A new passion is always around the corner
for Craig Pikaard, and his enthusiastic
pursuit of new passions throughout his
career has made him a leading researcher
in plant epigenetics, an emerging area of
plant molecular genetic research.
Pikaard returned to Indiana this year to
accept an endowed professorship at Indiana
University and joint appointments in the
Department of Biology and new Department
of Molecular and Cellular Biochemistry.
Pikaard’s lab studies the ways in which genes
are activated and repressed, using techniques
of genetics, genomics, biochemistry, cell
biology, and molecular biology. This
multidisciplinary approach reflects “the
beauty of biology these days,” he says.
Born in New Jersey and raised mostly in
Pennsylvania, Pikaard chose horticulture
as his undergraduate major at Penn State,
although he also loved English and
biochemistry. At Purdue, courses in the
relatively new field of molecular biology
captivated him. He became especially
interested in research investigating the
molecular biology of gene expression.
After NIH-supported work with Dr.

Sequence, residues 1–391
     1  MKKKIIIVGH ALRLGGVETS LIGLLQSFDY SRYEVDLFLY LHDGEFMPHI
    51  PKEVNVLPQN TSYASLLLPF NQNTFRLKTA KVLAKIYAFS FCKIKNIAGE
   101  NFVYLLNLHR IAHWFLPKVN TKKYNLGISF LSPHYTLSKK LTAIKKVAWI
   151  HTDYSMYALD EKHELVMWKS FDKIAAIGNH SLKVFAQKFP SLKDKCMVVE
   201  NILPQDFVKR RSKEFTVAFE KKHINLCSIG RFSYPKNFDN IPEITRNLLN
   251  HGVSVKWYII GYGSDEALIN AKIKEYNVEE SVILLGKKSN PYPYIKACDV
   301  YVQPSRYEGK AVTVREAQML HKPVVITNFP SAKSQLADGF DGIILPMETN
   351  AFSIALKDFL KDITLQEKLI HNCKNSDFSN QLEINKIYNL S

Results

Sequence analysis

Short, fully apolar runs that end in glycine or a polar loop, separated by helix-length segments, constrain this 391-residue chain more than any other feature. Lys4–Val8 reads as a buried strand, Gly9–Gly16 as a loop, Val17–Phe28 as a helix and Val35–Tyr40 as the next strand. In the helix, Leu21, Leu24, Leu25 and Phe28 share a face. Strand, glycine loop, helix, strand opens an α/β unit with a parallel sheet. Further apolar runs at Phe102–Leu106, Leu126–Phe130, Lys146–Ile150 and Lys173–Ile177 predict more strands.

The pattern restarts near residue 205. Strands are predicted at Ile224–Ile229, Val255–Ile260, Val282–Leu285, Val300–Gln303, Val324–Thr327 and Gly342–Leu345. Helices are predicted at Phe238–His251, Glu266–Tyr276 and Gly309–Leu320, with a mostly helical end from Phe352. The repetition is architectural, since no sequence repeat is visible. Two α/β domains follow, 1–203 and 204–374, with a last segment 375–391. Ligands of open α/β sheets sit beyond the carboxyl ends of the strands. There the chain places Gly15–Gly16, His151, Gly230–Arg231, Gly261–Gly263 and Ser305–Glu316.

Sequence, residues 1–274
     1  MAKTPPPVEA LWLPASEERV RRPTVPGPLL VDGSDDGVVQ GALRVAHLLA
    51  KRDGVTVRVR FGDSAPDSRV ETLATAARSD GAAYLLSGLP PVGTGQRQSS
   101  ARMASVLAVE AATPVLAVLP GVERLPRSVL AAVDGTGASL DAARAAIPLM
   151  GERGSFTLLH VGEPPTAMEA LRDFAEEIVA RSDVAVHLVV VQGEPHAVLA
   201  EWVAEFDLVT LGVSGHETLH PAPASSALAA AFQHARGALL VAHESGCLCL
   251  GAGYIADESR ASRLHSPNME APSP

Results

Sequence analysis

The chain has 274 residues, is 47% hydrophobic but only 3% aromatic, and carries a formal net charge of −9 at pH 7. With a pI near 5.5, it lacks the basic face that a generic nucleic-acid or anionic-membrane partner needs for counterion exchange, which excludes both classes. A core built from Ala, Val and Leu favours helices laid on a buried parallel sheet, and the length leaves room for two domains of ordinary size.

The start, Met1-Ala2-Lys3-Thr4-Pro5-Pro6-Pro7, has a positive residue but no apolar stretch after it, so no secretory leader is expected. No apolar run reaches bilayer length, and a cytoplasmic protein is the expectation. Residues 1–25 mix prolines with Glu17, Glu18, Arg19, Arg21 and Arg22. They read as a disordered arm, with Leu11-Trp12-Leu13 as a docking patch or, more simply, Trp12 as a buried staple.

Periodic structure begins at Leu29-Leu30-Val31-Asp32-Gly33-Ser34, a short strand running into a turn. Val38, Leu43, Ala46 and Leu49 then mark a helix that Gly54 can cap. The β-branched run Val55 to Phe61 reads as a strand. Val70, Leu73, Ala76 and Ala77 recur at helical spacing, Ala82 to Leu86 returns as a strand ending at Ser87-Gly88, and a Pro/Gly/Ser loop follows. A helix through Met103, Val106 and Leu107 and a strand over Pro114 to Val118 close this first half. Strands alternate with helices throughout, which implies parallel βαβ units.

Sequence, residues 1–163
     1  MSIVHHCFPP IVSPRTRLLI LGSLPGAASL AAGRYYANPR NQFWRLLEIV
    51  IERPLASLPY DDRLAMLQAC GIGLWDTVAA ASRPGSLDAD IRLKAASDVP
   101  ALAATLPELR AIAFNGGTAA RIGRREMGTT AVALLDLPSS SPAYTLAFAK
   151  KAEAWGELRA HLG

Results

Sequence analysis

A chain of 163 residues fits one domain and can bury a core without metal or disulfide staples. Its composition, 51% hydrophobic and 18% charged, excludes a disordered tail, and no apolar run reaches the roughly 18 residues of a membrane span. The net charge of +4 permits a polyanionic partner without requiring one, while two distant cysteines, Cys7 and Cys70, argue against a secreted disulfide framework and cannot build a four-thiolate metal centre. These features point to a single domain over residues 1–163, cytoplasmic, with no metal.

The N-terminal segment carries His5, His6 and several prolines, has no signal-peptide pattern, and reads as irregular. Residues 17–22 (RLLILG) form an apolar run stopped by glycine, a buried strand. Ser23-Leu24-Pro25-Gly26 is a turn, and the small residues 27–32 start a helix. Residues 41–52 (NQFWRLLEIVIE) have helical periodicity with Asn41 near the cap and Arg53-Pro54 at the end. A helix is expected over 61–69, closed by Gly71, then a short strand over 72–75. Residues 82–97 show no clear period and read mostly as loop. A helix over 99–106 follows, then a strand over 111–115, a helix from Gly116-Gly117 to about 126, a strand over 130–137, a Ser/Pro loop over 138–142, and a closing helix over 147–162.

Ronald H. Reeder at the Fred Hutchinson
Cancer Research Center in Seattle, Pikaard
went to Washington University. There he
spent the next 19 years investigating the
molecular and biochemical nature of the
molecular machines that regulate gene
expression in plants. This led him into the
mainstream of research on gene silencing
by short interfering RNAs—one of the
hottest topics in plant and animal research.
Pikaard thrives both on working with
students and being the student himself.
What most appeals to him is the creative,
hands-on nature of research. “You have two
parallel ideas, and you don’t see the
connection right away,” he explains. “You can
design your own experiment with your own
hands to get to the edge of what we know
and we don’t know. Then you can discuss
these questions with other smart people.”
With more than 95 manuscripts
currently published and nearly $3 million
in extramurally funded research, his return
to Indiana opens a new chapter in an
already-noteworthy research career.
When not in the lab, Pikaard gravitates to
the outdoors. He sails on Lake Monroe and
still enjoys the hiking, cycling, and gardening
that sparked his early interest in horticulture.
“It was an exciting time at Purdue. As one of the first
students in the interdepartmental plant physiology
program, we crossed department boundaries to bring
together people with a common scientific interest.
Young, smart faculty hung out with the graduate
students, and it was a hotbed of ideas.”